By Chris Gill
I was remiss not to include Ridge Monte Bello in my recent list of California alternatives to 2010 Bordeaux, as Monte Bello is a Bordeaux-style blend that can stand up to France’s best. But don’t just take my word for it—Ridge Monte Bello came in fifth place at the legendary 1976 “Judgment of Paris” tasting of French and California wines, and the 1971 and 2000 vintages took first place honors in the vintage and new wine categories at the “Judgment of Paris 30th Anniversary Wine Tasting” event in 2006.
Ridge Monte Bello wines are consistently compelling, but the 2001 vintage, which is also the wine’s 40th anniversary vintage, is among the best of Ridge’s best in recent years. Made from 56% Cabernet Sauvignon, 36% Merlot, and 8% Petit Verdot, the 2001 vintage has a much lower percentage of Cabernet than Monte Bello’s usual 70 to 80 percent range. As a result, it is a fascinatingly complex wine that changes in the glass from sip to sip and delivers a tantalizing progression of black fruit, red fruit, licorice, mint, dark chocolate, tobacco, and vanilla flavors after a few hours of decanting.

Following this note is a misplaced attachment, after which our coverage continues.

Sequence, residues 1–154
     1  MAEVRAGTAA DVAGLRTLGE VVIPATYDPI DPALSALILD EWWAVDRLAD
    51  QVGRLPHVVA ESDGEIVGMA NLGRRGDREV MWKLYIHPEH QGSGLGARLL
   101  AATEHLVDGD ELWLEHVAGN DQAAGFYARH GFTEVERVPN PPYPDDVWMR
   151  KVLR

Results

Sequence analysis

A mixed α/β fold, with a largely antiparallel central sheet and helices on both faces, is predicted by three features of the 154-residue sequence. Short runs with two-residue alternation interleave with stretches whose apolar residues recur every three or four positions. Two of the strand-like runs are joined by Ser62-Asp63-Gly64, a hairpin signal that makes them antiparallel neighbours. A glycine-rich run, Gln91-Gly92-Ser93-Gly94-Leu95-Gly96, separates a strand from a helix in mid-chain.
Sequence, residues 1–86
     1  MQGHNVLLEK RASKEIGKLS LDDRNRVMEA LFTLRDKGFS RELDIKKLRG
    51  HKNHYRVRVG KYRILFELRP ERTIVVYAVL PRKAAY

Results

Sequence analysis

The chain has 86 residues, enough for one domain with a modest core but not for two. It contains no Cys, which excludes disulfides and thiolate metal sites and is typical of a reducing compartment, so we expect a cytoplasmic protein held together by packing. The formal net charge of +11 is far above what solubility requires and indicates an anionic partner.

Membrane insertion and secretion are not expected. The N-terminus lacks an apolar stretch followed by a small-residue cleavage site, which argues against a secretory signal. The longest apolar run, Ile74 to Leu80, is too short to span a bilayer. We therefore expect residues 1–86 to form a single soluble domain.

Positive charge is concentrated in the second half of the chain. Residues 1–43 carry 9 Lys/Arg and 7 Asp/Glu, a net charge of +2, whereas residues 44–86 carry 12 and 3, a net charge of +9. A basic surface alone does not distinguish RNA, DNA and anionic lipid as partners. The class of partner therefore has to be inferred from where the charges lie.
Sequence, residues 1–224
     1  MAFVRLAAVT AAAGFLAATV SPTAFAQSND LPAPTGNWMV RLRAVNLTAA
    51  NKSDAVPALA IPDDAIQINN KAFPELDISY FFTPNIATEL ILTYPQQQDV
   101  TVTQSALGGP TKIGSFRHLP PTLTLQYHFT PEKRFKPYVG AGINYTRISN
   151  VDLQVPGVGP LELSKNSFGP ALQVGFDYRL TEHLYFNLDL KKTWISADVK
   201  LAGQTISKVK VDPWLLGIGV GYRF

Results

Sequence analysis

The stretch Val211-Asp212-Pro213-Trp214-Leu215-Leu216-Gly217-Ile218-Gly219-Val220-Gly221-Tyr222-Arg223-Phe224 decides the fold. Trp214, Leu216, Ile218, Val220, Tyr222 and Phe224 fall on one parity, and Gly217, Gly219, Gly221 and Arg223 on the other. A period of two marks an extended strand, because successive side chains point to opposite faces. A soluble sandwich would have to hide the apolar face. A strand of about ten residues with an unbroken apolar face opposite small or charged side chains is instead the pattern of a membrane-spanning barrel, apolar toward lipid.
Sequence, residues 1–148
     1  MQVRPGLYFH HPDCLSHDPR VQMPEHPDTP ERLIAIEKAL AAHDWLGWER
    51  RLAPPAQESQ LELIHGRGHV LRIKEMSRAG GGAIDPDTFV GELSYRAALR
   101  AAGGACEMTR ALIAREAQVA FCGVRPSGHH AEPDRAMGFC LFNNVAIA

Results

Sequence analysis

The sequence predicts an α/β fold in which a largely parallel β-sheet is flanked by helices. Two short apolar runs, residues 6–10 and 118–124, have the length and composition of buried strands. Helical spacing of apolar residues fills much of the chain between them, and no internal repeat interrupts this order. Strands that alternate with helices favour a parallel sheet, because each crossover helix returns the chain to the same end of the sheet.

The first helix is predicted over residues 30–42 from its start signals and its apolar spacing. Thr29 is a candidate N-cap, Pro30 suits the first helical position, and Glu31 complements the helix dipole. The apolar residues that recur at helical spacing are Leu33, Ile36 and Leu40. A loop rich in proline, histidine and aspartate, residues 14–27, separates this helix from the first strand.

Although most drinkers would be tempted to pair this powerhouse with a simply prepared grilled prime porterhouse or ribeye steak, I think it’s better to pair it with a mild cheese like gruyere, gouda, or brie to mellow the tannins but still allow all the subtle nuances to emerge and caress the taste buds. The flavors are so fascinating on their own that it seems like a waste to force them to compete with anything much stronger.
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